What is your key advice to small business owners for 2021? My key advice to small business owners for 2021 is to carefully evaluate the past year with its business failures and successes and identify the changes that have caused the decline and/or progress in the business. Some of these changes may be permanent so one has to work around them and maybe come up with new ideas and programs to implement for years to come. The 2021 progress plan should be drawn from the 2020 learnings, and once that is done the business owner can move into 2021 with a clearer vision for growth. Despite the struggles that small business owners have had this past year, we saw great support from the consumer for small businesses during the last two months of 2020 and that is an indicator that consumers still trust small businesses and we should build on that trust.

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Determine your available resources and capacity Warren Coughlin Business Coach, Helping Your Build.... A Business That Matters Warren helps principled entrepreneurs build a Business That Matters. That is one that delivers to you, the owner, attractive profits and a fulfilling lifestyle while also creating positive impacts on customers, team and the larger community. In other words, it is one that helps make the world - or just your corner of it - a better place. This requires a combination of solid business skills and disciplines guided by deeply held values. He’s been helping entrepreneurs do this since 2002. They have experienced everything from 8 figure exits, to 7 figure salaries, from rapid expansion to minimized operational work because of the development of great leaders and high performance values-driven cultures.

What is your key advice to small business owners for 2021? In 2021, your business is likely to be tossed about on a sea churning with both opportunities and risks. To survive and thrive in these waters, here are some principles and one strategic imperative. Bad things will happen. Prepare for them. Opportunities will arise. Seize them. Ideas won’t make you successful. Great execution of ideas will. Execution succeeds when you properly allocate resources. You have 3 resources: time, team and money. Use it wisely. One strategic imperative in 2 parts incorporates these principles. Plan. Then execute the plan. A goal is not a plan. A plan requires a goal (or goals). But it needs more. It needs you to ask hard questions to analyze what’s working, what’s not working and what might be coming. It asks that you determine your available resources and capacity. It requires that you choose an area of focus. If you try to fix or take advantage of everything at once, you’ll succeed at none of it. It insists that you choose priorities, identify specific tactics, assign accountability for the tactics, schedule those activities and then measure or evaluate the results. And finally, it absolutely demands that you respect it. If you write a plan and then stuff it in a drawer or ignore it the first time an unforeseen wave hits, you will be at the whim of fortune, and not in control of your fate. This means you must execute the plan, course correct when you drift off the plan (because you will) and hold each other accountable to what you have agreed to do and to achieve. If you do this, you will have more control, experience greater confidence and produce better results faster, more predictable and with far less stress. Smooth sailing.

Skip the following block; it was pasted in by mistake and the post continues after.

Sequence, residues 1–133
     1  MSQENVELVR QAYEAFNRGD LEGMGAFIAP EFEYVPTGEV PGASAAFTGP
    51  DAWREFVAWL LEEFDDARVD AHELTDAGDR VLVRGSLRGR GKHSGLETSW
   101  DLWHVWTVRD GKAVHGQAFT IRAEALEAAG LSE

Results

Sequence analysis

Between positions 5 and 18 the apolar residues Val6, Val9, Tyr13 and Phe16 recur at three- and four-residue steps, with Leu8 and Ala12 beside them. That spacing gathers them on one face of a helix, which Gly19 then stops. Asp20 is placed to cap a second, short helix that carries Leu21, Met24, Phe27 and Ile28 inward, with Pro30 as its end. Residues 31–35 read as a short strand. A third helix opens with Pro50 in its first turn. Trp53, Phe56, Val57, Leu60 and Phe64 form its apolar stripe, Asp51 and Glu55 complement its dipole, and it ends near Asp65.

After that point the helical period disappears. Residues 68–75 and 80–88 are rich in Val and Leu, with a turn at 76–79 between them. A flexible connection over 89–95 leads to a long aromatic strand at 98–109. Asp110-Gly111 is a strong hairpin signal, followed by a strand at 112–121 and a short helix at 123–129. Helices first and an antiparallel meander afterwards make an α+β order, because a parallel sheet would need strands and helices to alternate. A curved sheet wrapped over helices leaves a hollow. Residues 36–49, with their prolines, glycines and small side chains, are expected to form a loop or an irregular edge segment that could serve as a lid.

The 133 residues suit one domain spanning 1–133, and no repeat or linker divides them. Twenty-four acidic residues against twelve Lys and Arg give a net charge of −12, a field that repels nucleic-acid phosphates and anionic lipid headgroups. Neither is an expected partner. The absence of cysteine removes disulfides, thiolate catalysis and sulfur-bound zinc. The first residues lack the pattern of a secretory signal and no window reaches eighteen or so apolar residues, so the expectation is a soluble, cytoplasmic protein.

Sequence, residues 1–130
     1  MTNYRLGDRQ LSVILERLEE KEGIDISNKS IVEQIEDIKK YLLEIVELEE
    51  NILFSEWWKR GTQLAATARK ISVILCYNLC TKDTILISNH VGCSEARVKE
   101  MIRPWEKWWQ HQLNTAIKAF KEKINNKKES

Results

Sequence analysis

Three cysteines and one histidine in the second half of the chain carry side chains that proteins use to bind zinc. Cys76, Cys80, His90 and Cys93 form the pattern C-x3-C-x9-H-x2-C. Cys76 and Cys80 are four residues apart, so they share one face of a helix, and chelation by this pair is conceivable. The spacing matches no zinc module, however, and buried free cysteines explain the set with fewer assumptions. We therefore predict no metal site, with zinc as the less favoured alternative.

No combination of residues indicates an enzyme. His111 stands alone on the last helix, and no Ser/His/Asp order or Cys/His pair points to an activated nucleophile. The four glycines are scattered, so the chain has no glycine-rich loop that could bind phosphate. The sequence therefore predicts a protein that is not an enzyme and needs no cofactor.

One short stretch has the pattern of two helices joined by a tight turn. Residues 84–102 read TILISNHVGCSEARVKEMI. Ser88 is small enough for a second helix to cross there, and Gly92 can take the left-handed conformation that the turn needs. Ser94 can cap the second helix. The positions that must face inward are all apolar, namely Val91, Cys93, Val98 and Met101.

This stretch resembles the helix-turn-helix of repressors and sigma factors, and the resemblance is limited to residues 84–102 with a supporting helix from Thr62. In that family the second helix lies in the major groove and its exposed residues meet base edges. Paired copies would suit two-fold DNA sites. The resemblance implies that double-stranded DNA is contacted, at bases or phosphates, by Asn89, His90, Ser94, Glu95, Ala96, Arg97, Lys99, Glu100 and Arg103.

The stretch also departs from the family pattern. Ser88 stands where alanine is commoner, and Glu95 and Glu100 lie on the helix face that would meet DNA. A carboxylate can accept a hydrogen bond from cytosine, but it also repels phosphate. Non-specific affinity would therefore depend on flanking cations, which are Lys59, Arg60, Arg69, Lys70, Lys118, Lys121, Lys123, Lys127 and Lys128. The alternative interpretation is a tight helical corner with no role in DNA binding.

How to Fix Fighting Sales and Marketing Teams Paul Sparrow Area Managing Partner & CMO At Chief Outsiders